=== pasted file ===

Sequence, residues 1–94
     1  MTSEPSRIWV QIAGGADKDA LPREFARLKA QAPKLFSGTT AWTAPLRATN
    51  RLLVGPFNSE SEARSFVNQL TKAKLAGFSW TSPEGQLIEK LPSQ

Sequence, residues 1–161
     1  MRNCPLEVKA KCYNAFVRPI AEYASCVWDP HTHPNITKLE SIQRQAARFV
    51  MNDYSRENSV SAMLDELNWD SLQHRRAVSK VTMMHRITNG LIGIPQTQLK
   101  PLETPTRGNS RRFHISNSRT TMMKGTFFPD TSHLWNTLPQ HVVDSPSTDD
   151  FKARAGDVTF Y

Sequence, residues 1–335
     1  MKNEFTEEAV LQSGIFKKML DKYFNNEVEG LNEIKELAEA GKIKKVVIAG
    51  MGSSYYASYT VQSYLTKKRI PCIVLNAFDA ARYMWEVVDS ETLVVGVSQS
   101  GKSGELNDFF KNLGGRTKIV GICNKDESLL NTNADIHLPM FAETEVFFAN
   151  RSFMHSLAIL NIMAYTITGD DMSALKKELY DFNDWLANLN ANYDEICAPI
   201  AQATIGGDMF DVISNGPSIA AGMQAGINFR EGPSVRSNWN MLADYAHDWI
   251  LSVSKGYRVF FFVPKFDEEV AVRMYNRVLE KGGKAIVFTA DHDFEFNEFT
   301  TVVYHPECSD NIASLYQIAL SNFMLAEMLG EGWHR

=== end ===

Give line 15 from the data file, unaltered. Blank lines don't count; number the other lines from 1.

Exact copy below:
   251  LSVSKGYRVF FFVPKFDEEV AVRMYNRVLE KGGKAIVFTA DHDFEFNEFT